I have heard the statement that the older trigger bar, without the "bump" (see photo) is better, and will reduce trigger pull. It's tempting to believe that the bump would introduce some friction which could possibly increase trigger pull weight, but I've always wondered if that assertion is true.

    Name:  Trigger Bar Hump and Bump.jpg
Views: 5190
Size:  727.6 KB

    As it turns out, I happen to have a brand new Gen4 G34, and I have an extra old-style trigger bar (also brand new), so I decided to put the question to a test.

    1) The G34 had the original ("Gen4") trigger bar, Part Number 3608, which I had polished.
    2) I ran twenty trigger pulls and measured them, as done in the thread on the Connector Comparison Test.
    3) I then removed the 3608 trigger bar, polished a brand new 357 ("Gen3") trigger bar, and installed it in the G34.
    4) I ran twenty trigger pulls and measured them as I did in step 2.

    Here are the results:

    Original Gen4 Trigger Bar, P/N 3608:
    Average trigger pull: 84.97 ounces, or 5 pounds 4.97 ounces.

    Replacement Trigger Bar, P/N 357:
    Average trigger pull: 89.1 ounces, or 5 pounds 9.1 ounces.

    My conclusion is that the "Gen3" 357 trigger bar will not reduce the trigger pull of the Gen4 G34. It will instead increase the trigger pull by about 4 ounces. Sorry to be contrary, but I really believe that testing and gathering some data is a valuable way to sort out the myths from the facts when we are talking about various means of improving Glock triggers.

    Since I did not perform these tests on the same gun you have (a G19), and since the G19 uses a different trigger bar in the Gen3 version, it's possible that we would have different results with that gun. That said, I'm pretty certain about the results achieved on the Gen4 G34.


    Here's the Data:

    3608 357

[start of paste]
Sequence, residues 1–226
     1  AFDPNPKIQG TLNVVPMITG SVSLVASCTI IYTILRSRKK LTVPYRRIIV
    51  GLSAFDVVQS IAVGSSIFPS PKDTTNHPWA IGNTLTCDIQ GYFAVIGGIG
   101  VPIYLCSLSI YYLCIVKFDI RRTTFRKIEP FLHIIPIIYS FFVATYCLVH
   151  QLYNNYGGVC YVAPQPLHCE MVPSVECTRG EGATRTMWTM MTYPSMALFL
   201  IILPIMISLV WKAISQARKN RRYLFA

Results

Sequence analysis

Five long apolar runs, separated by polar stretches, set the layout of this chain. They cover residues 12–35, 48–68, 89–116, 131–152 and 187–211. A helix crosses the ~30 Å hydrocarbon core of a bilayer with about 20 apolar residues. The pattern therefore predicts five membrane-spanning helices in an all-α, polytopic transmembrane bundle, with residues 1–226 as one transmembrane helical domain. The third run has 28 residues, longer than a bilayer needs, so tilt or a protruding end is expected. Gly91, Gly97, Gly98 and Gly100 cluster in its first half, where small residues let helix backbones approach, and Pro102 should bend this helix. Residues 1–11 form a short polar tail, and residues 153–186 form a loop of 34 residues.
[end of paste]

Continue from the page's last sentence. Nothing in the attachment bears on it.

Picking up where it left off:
Pounds Ounces Total Ounces Pounds Ounces Total Ounces
    5 5 85 5 8.5 88.5
    5 8.5 88.5 5 5 85
    5 2.5 82.5 5 2 82
    5 7.5 87.5 5 7.5 87.5
    5 5 85 5 10 90
    4 15 79 5 6.5 86.5
    5 0.5 80.5 5 12 92
    4 15.9 79.9 5 9 89
    5 8.5 88.5 5 9 89
    5 3 83 5 10.5 90.5
    5 2 82 5 9 89
    5 4 84 5 4 84
    5 2.5 82.5 5 7 87
    5 3.5 83.5 5 12.5 92.5
    5 4 84 5 7.5 87.5
    5 8.5 88.5 5 12.5 92.5
    5 8.5 88.5 5 6 86
    5 8.5 88.5 5 12.5 92.5
    5 15 95 5 8 88
    5 3.5 83.5 6 7 103
    Avg 84.97 Avg 89.1
    Median 84 Median 88.75
    StdDev 3.850782559 StdDev 4.351648206

    Chris
    Last edited by cohland; 08-29-2013 at 08:21 AM.
    "Better to remain silent and be thought a fool than to speak out and remove all doubt."

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  10. #9
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    Quote Originally Posted by cohland View Post
    I have heard the statement that the older trigger bar, without the "bump" (see photo) is better, and will reduce trigger pull. It's tempting to believe that the bump would introduce some friction which could possibly increase trigger pull weight, but I've always wondered if that assertion is true.

    Name:  Trigger Bar Hump and Bump.jpg
Views: 5190
Size:  727.6 KB

    As it turns out, I happen to have a brand new Gen4 G34, and I have an extra old-style trigger bar (also brand new), so I decided to put the question to a test.